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B.C’s famous steelhead are known as "the fish of a thousand casts," and are pursued by anglers from around the world. (Ken Morrish)
B.C’s famous steelhead are known as "the fish of a thousand casts," and are pursued by anglers from around the world. (Ken Morrish)

Steelhead stocks on Dean River ‘hammered’ by chum fishery Add to ...

Billy Blewett runs one of the most famous fishing lodges in the world on British Columbia’s Dean River, where the steelhead are renowned for being big and plentiful.

But he has been apologizing to his clients at the Lower Dean River Lodge lately because so few fish are being caught – and many of those are scarred from being entangled in nets. Mr. Blewett and others are blaming the federal Department of Fisheries and Oceans because it allowed a commercial chum fishery that has concentrated more than 150 fishing boats in the area of the Dean Channel, near Bella Coola.

“This year, they have the whole fleet out there pretty much and we’re just getting hammered. There are so few fish in the river, and the ones that are here are extremely net marked,” Mr. Blewett said.

He said with commercial salmon fishing closed in many areas because of conservation concerns, the opening for chum salmon has drawn boats from all over the West Coast. Those boats have been setting their nets in ocean waters where fish from many river systems swim.

While non-target species such as steelhead have to be released alive, Mr. Blewett said many of the fish in the Dean River are obviously injured from being in nets and he thinks a lot of others did not survive.

“Once those chum openings started, it was just like all of a sudden the steelhead stopped coming,” Mr. Blewett said. “The weeks you should be getting big numbers of fish, in early August, there was nothing. You’d go down and fish the lower river and not catch a single fish.”

Asked what he has been telling his clients, who have come from all over the world to fish the Dean, he replied: “You apologize for DFO’s mismanagement and wish there was something you could do about it.”

Craig Orr, of conservation group Watershed Watch, said the chum fishery should not be taking place because of the impact on Dean steelhead runs, but also because chum stocks in both the Dean and Bella Coola rivers have declined 80 per cent in recent years.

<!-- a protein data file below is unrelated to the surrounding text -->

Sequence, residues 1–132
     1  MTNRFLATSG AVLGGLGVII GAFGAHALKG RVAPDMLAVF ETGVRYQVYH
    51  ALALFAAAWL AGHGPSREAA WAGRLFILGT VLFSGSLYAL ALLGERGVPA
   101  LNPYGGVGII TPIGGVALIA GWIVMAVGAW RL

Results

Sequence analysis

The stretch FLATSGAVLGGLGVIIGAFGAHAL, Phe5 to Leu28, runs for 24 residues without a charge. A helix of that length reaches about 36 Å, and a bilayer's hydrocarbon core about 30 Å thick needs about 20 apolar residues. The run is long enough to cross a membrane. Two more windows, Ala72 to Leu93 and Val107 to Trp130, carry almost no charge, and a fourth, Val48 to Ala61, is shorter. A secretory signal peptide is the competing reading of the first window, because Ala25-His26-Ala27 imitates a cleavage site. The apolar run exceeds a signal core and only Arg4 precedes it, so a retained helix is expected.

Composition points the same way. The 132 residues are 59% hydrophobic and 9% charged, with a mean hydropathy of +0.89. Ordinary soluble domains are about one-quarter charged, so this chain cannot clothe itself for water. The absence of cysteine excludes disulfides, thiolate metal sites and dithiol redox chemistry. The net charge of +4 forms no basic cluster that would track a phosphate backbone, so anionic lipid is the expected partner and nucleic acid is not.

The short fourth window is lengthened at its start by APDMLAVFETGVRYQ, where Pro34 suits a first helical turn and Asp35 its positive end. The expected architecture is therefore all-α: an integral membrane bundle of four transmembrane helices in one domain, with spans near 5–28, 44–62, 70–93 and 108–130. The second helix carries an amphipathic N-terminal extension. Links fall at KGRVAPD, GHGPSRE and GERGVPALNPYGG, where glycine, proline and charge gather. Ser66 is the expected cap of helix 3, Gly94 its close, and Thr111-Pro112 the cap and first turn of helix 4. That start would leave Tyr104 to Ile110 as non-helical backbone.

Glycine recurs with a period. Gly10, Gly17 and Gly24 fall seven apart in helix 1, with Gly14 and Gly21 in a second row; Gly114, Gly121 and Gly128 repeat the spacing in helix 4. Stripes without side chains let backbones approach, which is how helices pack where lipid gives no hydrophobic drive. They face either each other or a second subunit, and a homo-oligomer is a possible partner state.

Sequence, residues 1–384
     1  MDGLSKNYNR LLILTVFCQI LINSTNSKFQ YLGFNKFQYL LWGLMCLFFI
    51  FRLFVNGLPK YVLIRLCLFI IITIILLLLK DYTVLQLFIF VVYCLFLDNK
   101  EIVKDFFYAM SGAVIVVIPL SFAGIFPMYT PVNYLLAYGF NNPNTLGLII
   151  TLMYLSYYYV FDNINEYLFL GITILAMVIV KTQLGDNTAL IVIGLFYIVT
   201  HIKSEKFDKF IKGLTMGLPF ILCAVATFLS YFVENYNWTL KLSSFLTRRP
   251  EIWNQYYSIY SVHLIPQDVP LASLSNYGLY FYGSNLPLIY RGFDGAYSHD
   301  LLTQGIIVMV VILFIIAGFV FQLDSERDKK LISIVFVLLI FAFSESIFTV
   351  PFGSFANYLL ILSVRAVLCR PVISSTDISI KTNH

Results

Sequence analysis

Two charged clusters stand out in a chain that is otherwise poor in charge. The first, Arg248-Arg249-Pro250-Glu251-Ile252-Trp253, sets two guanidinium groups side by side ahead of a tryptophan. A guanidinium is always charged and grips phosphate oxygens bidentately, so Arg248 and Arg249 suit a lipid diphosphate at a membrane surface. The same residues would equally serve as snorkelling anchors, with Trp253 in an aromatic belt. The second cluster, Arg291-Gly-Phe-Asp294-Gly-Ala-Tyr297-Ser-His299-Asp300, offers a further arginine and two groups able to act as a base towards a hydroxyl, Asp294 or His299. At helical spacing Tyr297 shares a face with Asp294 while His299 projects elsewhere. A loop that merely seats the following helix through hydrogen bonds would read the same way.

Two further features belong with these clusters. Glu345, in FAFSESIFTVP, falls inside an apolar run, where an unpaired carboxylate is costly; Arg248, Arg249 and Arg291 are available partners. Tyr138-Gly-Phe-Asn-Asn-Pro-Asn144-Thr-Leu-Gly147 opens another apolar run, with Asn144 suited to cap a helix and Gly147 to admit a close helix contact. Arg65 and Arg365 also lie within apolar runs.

“These fisheries are hurting chum stocks that are in trouble,” he said. “They should be letting these stocks recover, not fishing them down.”

Jeff Vermillion, who runs Sweetwater Travel Co., a U.S.-based business that books sport-fishing trips to the world’s top lodges, including Mr. Blewett’s, said in an e-mail to DFO officials that the chum fishery should be stopped.

“Given the current crisis, it’s clear to me that you are not managing either [for] sound conservation practices, the health of the fishery, or the economics of coastal communities,” he wrote to Dan Wagner at DFO’s operations centre.

Mr. Wagner could not be reached for comment, but Mel Kotyk, DFO’s area director for the North Coast, said officials are monitoring the situation and do not believe the chum fishery is having much impact on the steelhead run.

Mr. Kotyk said 161 boats are in what is known as Area 8, but that covers a huge stretch of the Central Coast, and only a small number are fishing in the Dean Channel.

Mr. Kotyk said fishing is not allowed within 50 kilometres of the mouth of the Dean River, all commercial fishermen have to release any steelhead they catch, and gillnet boats in the Dean Channel have to run a “weed line” that sinks their nets, creating a gap near the surface. Because steelhead swim near the surface, in theory, they should pass the nets safely, while deeper swimming chum salmon will be caught.

He said gillnet and seine boats in all of Area 8 report catching only 320 steelhead this season.

“And from what we can tell, they were all strong and vigorous when they were released. So the impact on the steelhead in all of Area 8 is fairly small,” he said.

The DFO has offered no alternative explanation for the low numbers.

But Joe Saysell, a retired Vancouver Island fly fishing guide who has been going to the Dean every summer for 30 years, said the impact of the commercial fishery on the steelhead run was shocking.

“There were fish coming in, and then all of a sudden it was zero,” he said. “It was like a switch clicked and the [steelhead] run ended.”

Mr. Saysell, who camps on the river, said the fishing was the worst he has seen in three decades and he felt sorry for the paying clients who were staying at one of the three fishing lodges on the Dean.

“Here were people who were paying $6,000 to $7,000 a week to go fishing, and they were sitting on a log at the side of the river because there were no fish,” he said. “It’s unbelievable how much tourism money the Dean draws into British Columbia. But all of that has been put in jeopardy by this mismanagement of the resource.”

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